When I read Heidi’s July post about her homemade celery salt, I bookmarked it immediately, murmuring to myself how simple and beautiful and clever the idea was.
While I am an enthusiastic consumer of celery root, I don’t cook with celery stalks much, and only ever buy it in small quantities to flavor stock. Still, in those cases, I am faced with a fair amount of celery leaves that come with the stalks. I usually just add those to the stockpot along with everything else, but I much, much prefer the idea of turning them into something new altogether.
And it’s precisely what Heidi suggests: wash those leaves, dry them until crisp, and crumble them with salt to produce an incredibly fragrant condiment* that you can then use to season eggs and salads (especially tomato or potato salads, or in this herbed couscous salad), to flavor bread (I’ve made really good little dinner rolls with it), to sprinkle as a finishing salt on soups, bean or lentil stews, to season a tomato or carrot juice… the list is endless.
Being thrifty is one of the traits I’m most looking to develop as a person in general and a cook in particular, and this works doubly in that direction: not only does it make use of the celery leaves one might otherwise discard, but in my take on Heidi’s recipe, I’m also suggesting you dry the leaves in the oven while you preheat it for something else, to make the most of the energy it expends.
Such optimization is something I always try to do: whenever I turn on the oven I ask myself whether I have any seeds, nuts, or spices that need toasting, or lemon peel that needs roasting.
Another bonus of this celery salt recipe is that it will also lead you on the track to the crispest celery stalks available, since the health and vibrancy of the leaves are an unmistakable sign of freshness. (The same is true of any vegetable that comes with the leaves still attached: radishes, carrots, kohlrabi, beets, etc.)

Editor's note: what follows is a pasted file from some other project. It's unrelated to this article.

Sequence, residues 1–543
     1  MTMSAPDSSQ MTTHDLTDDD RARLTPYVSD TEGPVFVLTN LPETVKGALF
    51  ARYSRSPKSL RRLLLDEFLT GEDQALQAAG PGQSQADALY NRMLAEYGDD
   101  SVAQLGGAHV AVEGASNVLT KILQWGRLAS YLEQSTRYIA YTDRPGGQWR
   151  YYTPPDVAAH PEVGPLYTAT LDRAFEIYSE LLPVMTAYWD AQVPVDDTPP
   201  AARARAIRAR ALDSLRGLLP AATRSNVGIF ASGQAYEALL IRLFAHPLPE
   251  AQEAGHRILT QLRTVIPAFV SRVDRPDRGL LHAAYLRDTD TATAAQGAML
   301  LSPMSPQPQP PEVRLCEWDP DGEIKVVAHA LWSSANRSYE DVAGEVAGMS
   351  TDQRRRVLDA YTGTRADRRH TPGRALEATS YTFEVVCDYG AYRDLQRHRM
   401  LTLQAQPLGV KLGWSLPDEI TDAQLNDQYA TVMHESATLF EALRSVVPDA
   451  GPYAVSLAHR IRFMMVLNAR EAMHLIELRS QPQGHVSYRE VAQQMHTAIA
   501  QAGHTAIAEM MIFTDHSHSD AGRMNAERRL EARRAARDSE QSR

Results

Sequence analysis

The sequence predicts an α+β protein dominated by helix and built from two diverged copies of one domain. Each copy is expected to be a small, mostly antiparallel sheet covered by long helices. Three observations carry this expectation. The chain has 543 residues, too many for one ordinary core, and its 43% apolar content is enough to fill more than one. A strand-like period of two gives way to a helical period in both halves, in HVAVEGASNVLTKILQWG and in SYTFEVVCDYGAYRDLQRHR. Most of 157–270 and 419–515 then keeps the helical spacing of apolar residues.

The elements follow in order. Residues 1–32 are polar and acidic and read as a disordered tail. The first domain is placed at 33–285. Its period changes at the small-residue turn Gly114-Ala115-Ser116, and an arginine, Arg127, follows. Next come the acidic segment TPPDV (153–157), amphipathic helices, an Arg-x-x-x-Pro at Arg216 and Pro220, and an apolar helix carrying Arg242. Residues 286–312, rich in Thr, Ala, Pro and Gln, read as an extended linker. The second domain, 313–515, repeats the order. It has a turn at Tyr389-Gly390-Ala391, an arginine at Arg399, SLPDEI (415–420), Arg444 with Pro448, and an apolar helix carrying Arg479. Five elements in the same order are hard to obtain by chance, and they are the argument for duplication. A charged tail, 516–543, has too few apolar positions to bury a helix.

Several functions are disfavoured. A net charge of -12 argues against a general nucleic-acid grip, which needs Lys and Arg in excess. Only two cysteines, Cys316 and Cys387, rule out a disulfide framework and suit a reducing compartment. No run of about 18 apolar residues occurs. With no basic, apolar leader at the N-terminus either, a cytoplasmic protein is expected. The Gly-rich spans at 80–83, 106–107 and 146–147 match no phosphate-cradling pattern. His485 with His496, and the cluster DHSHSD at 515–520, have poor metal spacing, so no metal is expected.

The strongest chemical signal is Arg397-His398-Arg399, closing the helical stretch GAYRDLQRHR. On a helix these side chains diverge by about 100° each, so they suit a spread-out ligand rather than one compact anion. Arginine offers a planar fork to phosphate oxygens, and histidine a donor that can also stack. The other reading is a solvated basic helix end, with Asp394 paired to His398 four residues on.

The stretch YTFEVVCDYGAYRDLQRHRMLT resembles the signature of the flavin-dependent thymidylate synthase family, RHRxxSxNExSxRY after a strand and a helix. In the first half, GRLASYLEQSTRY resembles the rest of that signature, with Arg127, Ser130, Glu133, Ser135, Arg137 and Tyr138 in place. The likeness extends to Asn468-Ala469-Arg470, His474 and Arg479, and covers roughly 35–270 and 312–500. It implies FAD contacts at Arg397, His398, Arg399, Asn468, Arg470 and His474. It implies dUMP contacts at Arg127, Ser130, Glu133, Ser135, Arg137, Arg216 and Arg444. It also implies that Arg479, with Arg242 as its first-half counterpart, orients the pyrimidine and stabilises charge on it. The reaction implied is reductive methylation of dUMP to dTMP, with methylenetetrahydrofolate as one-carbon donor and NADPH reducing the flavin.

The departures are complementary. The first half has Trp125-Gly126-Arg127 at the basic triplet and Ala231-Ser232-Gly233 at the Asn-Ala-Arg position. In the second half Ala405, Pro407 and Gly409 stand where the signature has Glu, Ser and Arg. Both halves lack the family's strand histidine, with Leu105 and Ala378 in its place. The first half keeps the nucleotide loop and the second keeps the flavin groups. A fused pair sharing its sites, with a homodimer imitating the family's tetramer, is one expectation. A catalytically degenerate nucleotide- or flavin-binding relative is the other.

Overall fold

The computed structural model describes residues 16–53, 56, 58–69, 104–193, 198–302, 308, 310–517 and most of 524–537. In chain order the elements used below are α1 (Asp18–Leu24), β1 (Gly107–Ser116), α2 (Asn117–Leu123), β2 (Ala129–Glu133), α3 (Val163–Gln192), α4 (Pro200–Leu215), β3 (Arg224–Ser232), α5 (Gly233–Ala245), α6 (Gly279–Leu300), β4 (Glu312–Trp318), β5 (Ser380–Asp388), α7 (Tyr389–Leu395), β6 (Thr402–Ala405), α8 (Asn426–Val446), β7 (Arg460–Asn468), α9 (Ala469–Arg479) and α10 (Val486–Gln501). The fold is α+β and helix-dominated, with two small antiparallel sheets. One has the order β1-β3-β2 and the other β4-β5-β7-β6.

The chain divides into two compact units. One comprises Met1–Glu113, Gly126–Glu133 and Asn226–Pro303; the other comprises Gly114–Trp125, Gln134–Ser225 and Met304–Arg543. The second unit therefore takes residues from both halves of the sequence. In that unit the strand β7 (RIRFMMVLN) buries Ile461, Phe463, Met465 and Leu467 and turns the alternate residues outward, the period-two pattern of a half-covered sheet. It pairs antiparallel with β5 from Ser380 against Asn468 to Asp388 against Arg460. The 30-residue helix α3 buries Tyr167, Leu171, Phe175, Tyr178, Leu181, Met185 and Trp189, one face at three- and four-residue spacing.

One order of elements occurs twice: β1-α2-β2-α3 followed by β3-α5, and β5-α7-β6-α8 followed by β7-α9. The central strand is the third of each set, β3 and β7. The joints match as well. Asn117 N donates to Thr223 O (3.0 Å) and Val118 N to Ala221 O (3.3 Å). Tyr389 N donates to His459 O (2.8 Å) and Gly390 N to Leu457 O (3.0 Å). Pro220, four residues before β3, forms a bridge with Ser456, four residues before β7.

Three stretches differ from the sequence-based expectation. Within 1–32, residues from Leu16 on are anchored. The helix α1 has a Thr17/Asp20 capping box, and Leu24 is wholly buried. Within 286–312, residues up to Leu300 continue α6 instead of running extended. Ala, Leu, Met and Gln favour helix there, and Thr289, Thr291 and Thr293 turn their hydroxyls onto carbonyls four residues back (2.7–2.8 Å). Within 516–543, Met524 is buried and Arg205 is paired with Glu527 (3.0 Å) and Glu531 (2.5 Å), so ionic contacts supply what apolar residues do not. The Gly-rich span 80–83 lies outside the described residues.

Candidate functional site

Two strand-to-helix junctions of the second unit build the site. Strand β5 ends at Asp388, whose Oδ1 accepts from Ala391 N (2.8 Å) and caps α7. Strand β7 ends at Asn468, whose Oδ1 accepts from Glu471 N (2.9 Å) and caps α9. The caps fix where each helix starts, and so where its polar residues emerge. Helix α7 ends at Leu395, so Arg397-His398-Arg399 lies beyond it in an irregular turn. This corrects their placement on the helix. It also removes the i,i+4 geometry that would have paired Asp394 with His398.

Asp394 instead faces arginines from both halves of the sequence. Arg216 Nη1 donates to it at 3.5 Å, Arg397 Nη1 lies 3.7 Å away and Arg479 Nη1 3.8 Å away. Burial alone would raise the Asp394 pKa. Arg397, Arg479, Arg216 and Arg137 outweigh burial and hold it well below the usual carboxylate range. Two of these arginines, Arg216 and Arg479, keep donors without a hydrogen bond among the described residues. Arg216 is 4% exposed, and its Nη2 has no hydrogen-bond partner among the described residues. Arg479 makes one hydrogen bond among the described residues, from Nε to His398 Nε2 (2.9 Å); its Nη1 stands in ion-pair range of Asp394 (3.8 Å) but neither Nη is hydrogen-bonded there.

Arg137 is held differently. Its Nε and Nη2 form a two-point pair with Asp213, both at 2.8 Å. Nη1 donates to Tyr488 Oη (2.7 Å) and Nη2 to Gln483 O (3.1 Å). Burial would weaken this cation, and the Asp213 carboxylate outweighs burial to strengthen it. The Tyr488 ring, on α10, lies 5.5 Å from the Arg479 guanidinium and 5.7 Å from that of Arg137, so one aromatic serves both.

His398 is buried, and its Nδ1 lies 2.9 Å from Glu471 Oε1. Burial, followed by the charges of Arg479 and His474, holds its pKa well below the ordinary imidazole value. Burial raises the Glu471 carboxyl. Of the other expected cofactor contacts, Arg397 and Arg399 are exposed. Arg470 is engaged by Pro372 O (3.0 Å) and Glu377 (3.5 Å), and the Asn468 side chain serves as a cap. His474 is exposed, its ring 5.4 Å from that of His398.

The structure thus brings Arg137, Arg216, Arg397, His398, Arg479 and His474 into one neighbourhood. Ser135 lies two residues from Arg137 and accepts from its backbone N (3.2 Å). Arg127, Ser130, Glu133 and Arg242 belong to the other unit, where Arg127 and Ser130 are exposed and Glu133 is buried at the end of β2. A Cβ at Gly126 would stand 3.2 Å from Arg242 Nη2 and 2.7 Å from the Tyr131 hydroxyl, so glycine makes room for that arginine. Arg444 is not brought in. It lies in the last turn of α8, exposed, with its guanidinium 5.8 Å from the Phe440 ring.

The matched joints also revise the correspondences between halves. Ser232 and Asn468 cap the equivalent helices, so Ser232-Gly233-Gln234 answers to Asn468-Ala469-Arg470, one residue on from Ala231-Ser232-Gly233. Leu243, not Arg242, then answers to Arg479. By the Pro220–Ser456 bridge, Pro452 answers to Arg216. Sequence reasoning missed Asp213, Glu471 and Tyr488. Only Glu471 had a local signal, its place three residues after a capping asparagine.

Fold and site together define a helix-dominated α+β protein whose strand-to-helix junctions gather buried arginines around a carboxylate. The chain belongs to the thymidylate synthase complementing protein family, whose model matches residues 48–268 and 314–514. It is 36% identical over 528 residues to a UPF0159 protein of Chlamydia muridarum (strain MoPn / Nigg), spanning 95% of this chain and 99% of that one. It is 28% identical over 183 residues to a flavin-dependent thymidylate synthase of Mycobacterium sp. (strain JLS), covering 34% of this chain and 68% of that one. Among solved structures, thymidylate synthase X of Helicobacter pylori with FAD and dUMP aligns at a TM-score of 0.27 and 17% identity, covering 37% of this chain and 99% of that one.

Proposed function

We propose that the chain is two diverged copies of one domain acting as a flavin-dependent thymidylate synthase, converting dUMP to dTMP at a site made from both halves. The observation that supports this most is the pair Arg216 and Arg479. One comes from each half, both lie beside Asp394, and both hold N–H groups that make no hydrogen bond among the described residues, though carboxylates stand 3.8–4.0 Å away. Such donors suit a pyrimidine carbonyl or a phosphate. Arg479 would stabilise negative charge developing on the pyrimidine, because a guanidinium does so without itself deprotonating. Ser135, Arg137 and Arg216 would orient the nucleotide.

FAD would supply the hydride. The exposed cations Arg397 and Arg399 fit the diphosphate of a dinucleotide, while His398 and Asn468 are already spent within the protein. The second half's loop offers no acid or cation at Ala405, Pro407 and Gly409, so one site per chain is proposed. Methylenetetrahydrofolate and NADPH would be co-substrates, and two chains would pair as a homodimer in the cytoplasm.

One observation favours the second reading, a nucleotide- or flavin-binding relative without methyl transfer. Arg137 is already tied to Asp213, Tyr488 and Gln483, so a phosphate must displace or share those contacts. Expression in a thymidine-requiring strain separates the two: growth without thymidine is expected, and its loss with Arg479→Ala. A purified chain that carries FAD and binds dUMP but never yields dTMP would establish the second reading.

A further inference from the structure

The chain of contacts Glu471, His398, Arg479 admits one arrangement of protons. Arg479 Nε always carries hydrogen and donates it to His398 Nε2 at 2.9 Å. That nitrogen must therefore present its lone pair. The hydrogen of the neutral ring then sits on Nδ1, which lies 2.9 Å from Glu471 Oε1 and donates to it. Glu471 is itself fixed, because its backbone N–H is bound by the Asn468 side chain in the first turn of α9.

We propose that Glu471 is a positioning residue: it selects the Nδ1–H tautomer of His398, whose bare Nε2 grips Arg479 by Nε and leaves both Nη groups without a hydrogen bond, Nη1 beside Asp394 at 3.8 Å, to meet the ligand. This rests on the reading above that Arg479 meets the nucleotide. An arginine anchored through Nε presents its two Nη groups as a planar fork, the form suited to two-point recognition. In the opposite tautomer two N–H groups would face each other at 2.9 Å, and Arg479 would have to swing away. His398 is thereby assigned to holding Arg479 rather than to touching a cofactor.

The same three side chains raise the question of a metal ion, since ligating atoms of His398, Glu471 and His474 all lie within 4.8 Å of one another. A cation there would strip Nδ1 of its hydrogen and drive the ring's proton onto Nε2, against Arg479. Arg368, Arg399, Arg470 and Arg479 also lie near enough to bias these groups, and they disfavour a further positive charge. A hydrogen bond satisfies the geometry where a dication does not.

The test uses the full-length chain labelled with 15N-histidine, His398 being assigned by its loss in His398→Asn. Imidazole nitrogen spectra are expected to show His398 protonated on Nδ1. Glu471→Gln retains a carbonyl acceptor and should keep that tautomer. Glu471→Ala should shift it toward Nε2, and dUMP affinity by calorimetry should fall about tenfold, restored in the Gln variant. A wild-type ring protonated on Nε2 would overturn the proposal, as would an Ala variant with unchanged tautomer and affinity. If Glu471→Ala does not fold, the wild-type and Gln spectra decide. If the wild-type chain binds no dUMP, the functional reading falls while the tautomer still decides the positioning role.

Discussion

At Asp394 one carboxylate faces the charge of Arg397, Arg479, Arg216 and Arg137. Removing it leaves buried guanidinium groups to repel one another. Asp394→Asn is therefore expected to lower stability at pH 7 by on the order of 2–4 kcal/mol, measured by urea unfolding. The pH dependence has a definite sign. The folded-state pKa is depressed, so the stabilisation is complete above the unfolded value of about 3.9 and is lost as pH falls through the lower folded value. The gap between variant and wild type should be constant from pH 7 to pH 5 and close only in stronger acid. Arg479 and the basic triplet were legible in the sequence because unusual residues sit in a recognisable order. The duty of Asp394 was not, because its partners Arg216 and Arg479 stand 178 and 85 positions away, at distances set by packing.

Do you make flavored salts yourself? Any favorites you want to tell us about?
* The celery salt you can buy at the store is in fact made by grinding celery seeds with salt, so the texture is different, but the flavor is very similar.
- Celery leaves plucked from a bunch of celery stalks
- Sea salt of your choice (I use unrefined grey salt from Guérande)
- Pick the leaves from the celery stalks, keeping only the ones that look healthy and green, discarding the limp and yellowing ones. Rinse and dry well, patting them with a clean dish towel.
- Arrange the leaves without crowding on one or several baking sheets, depending on how much you have, and slip into the oven while you’re preheating it for another purpose (I was about to bake a tomato tart myself).
- Keep an eye on the leaves and remove them from the oven when they’re crisp and dried, but not quite browning yet, 5 to 10 minutes. Let cool completely.
- Transfer the leaves to a large bowl and crumble them with your (clean) fingers, as finely or coarsely as you prefer. There will be bits that resist crumbling, mostly the tough spines of the bigger leaves; discard those.
- Measure the volume of crumbled celery leaves you’ve obtained, and combine with one to one and a half times the volume of salt.
- Transfer to a jar with a tight lid for keeping.